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Crisis? Please. Here’s the Lowdown on America’s So-Called 'Despair,' to Help You Cope with Societal Stress

Ever seen a billboard looming over a church proclaiming, "Culture in Crisis"? I saw this on our annual Christmas trip to North Carolina (my brother's house) in the family truckster this year. "That's weird," I thought, and then tried to forget about it.

But it bothered me. Why the heck would a church be spewing fear like that? Yeah, we have some issues. Yeah, we have some work to do. But we're NOT in a frickin' crisis, people. Gaza's in a crisis. Ukraine's in a crisis. 

Things are changing in the U.S., sure. Some things for the worse, but many, many things for the better. We live in the most incredible phase of human history. Crime is down, opportunity is up, and resources are more available than they've ever been. You can literally determine your own destiny in today's America. 

If we're defining "crisis" as change, then we've been in "crisis" since the dawn of time. 

Let's decode what this billboard is really screaming: "Alert! We're losing our grip. People are daring to think for themselves. Quick, blame society!" 

It's a classic move, a bit of smoke and mirrors to shift the focus from outdated, rigid doctrines that just aren't resonating with the masses anymore. Or by a media that can't figure out a better way to get your attention (also very frustrating to me, a copywriter, who knows there are so many better ways).

Here's a truth bomb: The world isn't crumbling; it's evolving. Seeing everything as a crisis is like walking around with a dark cloud over your head. It's unproductive, and it hurts more than just the people with the clouds over their heads - it affects people around them, too. That's a problem for me. That's why that billboard bothered me enough to write this article.

What drives humanity forward is optimism, embracing the kaleidoscope of perspectives that make up this world...not trying to make the majority afraid of them.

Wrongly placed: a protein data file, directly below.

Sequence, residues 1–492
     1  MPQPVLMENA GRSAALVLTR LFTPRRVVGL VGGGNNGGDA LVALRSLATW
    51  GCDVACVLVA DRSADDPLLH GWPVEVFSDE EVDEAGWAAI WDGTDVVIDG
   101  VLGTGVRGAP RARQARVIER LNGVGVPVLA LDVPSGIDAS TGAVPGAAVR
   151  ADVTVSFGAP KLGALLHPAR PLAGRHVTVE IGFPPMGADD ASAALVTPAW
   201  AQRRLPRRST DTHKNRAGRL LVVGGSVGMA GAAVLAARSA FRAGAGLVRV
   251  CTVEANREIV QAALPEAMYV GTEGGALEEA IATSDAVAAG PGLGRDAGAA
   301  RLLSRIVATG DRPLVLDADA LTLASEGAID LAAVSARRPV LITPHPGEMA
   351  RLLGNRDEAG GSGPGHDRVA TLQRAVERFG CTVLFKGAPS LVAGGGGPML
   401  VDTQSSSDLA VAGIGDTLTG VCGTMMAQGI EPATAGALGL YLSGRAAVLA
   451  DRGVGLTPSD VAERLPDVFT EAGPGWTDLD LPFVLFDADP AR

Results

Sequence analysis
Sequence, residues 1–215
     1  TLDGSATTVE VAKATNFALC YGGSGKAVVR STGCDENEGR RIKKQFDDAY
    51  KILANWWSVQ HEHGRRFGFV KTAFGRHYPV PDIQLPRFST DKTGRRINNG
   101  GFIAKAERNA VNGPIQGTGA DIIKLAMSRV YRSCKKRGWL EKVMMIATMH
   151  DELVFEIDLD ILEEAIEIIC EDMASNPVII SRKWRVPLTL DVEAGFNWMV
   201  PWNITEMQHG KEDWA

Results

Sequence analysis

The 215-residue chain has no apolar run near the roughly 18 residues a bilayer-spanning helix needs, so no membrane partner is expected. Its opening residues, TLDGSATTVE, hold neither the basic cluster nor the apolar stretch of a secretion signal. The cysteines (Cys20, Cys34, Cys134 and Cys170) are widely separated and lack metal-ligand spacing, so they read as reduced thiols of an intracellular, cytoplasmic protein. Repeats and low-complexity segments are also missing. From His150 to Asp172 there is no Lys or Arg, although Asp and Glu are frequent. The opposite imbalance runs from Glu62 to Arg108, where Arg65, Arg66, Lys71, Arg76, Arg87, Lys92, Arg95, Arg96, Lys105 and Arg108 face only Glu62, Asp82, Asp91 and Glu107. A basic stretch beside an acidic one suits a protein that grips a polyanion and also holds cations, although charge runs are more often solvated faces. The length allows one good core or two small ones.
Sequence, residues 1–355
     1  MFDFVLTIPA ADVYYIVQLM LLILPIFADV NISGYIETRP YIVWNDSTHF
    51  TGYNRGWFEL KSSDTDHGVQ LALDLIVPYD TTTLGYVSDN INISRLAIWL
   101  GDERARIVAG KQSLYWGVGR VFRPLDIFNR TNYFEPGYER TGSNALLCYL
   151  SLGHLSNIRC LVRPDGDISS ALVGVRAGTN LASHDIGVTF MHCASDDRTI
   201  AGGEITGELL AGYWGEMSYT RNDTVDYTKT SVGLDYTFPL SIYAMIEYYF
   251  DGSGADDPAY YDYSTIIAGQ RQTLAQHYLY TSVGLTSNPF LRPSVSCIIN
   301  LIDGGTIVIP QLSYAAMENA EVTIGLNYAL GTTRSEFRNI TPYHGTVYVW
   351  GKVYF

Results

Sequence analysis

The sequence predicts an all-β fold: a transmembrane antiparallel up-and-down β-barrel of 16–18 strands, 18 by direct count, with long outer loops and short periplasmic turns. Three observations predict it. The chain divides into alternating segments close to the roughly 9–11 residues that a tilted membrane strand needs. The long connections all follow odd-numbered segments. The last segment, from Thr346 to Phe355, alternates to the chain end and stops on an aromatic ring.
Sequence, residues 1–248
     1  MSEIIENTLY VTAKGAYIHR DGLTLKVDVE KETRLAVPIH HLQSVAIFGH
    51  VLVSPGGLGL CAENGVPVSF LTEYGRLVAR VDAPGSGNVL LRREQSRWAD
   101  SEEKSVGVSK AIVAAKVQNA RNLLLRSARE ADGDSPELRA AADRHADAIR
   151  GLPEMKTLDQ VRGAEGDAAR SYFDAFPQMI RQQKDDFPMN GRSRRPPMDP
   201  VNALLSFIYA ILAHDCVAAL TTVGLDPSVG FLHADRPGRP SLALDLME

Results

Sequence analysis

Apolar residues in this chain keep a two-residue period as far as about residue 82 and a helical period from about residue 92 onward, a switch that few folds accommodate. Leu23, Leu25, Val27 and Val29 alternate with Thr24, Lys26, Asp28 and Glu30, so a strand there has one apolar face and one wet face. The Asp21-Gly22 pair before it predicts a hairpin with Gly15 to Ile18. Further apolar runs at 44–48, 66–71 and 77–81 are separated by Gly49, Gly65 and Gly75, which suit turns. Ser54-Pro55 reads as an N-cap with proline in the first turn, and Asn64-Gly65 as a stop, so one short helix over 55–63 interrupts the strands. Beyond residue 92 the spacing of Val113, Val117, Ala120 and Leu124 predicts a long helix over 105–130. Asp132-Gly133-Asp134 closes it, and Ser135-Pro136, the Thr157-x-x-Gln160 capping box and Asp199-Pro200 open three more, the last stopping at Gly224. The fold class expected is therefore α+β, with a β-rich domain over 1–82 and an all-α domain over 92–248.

A graphic depicting unity and the harmonious coexistence of faith, technology, and science
Our paths are many, but our destination is the same....

Whether you're religious or not, spiritual or not, we should do what Jesus did:  Respect people that are different from you. Embrace change and different viewpoints. Instead of slapping a "crisis" label on everything, we should foster understanding and open-mindedness. 

Why don't we welcome the evolving beliefs of individuals, encouraging a world where faith and reason live in harmony? It'll make it a much nicer place to live!

I'd love it if people that need attention (churches, news orgs, and politicians, mostly) stop blaming society or culture for shifts in belief. We're going to need to adapt to the ever-changing collective consciousness.

Respect is the lesson here, I think. Respect for the various paths people choose. "Judge not others, lest ye be judged."

That's not just the way of Jesus, but it's a fundamentally American way to live, too. Trying to force everyone into your own way of life is blatantly un-American. Sorry if that offends you...but that's the truth.

That's also the key to moving forward, not backward, in a world that's constantly in motion. It's the way to satisfaction and happiness in life. You have your own stuff to deal with...don't go around trying to make others do theirs your way. And, don't give in to the fear mongers - they're just trying to sell you something.

Remembering this very simple thing can really help you cope with the societal stress all the fear mongers would have you living that they can get you to pay attention to them.

FUEL is not a political or religious organization. That said, we are dedicated to the advancement of our clients' mental and emotional health, along with their physical health. Stress, worry, and anxiety lead to all kinds of physical health problems. Harmony in society, and the American way of life, are important to us, and we will do what we can to promote them. We write and publish stories like this to help people find balance in their lives. Feel free to write us at with comments, observations, or thoughts - positive or negative - about this or any other story we publish. We want to know what you think!


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